Novel Percutaneous Epicardial Autonomic Modulation in the Canine for Atrial Fibrillation: Results of an Efficacy and Safety Study

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Endocardial ablation of atrial ganglionated plexi (GP) has been described for treatment of atrial fibrillation (AF). Our objective in this study was to develop percutaneous epicardial GP ablation in a canine model using novel energy sources and catheters.


Phase 1: The efficacy of several modalities to ablate the GP was tested in an open chest canine model (n = 10). Phase 2: Percutaneous epicardial ablation of GP was done in six dogs using the most efficacious modality identified in phase 1 using two novel catheters.


Phase 1: Direct current (DC) in varying doses (blocking [7–12 μA], electroporation [300–500 μA], ablation [3,000–7,500 μA]), radiofrequency ablation (25–50 W), ultrasound (1.5 MHz), and alcohol (2–5 mL) injection were successful at 0/8, 4/12, 5/7, 3/8, 1/5, and 5/7 GP sites. DC (500–5,000 μA) along with alcohol irrigation was tested in phase 2. Phase 2: Percutaneous epicardial ablation of the right atrium, oblique sinus, vein of Marshall, and transverse sinus GP was successful in 5/6 dogs. One dog died of ventricular fibrillation during DC ablation at 5,000 μA. Programmed stimulation induced AF in six dogs, preablation and no atrial arrhythmia in three, flutter in one, and AF in one postablation. Heart rate, blood pressure, effective atrial refractory period, and local atrial electrogram amplitude did not change significantly postablation. Microscopic examination showed elimination of GP, and minimal injury to atrial myocardium.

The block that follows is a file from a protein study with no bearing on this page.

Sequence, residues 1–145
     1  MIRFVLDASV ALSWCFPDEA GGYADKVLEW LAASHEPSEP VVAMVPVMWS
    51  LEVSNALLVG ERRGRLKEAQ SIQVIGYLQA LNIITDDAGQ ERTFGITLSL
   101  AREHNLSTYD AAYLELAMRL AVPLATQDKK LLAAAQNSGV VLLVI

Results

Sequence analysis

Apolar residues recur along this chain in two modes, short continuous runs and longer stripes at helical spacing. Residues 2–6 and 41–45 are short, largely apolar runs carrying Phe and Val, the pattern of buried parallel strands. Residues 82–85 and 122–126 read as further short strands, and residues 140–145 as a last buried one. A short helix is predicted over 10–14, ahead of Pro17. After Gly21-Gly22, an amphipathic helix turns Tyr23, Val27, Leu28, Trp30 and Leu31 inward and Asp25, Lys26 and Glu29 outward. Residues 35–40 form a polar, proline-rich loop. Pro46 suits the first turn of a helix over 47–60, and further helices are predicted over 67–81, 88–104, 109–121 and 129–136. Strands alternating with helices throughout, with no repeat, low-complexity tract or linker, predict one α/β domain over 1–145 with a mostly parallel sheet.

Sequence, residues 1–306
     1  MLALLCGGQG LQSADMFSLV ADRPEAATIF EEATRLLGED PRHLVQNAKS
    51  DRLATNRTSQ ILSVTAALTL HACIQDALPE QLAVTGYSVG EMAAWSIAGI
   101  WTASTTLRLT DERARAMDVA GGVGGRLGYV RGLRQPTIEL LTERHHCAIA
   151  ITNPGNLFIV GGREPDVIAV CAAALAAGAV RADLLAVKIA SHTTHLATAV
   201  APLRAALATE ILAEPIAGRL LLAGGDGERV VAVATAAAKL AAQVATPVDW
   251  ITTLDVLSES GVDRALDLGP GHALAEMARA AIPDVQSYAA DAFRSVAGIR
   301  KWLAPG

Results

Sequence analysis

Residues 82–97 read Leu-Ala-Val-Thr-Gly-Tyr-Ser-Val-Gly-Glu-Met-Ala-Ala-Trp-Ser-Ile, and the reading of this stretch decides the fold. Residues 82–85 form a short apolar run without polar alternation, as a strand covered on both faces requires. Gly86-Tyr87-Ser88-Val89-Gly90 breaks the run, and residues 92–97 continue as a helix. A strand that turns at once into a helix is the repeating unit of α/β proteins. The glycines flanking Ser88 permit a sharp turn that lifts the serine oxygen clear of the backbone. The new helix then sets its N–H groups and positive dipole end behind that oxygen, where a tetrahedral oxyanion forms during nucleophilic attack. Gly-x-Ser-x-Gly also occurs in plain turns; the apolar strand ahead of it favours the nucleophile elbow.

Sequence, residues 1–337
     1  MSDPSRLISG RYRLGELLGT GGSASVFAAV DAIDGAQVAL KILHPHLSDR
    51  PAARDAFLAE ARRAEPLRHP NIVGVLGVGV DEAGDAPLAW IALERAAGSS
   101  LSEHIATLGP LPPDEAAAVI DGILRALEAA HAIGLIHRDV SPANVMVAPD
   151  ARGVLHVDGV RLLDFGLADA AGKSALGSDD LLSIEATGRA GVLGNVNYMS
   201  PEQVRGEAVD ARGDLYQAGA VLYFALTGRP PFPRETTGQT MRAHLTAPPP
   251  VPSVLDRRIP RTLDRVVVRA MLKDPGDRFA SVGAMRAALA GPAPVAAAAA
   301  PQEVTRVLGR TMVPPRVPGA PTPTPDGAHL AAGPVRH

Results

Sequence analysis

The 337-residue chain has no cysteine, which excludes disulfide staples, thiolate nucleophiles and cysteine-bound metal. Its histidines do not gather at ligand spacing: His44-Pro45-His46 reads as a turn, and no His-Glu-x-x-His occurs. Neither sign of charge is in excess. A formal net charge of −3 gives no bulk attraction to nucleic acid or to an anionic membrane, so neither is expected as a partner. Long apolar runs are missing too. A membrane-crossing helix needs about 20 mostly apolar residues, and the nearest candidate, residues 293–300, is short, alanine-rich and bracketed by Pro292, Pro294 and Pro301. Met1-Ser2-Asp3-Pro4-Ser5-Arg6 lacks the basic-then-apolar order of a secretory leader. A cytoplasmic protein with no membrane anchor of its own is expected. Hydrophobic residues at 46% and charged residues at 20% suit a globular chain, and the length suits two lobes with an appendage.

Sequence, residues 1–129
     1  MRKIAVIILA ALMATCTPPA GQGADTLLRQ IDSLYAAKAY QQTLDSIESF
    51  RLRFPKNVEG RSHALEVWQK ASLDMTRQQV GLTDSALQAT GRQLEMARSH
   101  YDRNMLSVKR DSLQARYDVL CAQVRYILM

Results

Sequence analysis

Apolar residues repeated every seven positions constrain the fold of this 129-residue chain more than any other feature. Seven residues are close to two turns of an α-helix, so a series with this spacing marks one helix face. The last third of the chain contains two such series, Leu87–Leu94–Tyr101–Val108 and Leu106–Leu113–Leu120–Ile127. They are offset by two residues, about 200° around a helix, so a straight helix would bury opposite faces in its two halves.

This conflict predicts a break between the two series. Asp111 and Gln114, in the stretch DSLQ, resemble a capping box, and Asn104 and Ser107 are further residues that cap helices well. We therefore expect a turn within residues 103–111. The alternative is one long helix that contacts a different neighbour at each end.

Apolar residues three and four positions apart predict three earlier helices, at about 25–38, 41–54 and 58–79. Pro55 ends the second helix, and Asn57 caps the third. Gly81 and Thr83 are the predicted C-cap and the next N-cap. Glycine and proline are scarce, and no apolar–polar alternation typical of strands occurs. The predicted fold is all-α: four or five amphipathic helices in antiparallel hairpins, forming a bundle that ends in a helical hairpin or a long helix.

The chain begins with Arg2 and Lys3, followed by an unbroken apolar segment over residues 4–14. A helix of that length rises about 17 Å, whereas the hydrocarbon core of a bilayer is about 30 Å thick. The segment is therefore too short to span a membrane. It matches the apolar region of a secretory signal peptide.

Percutaneous epicardial ablation of GP using DC and novel catheters is safe and feasible and may be used as an adjunct to pulmonary vein isolation in the treatment of AF in order to minimize additional atrial myocardial ablation.

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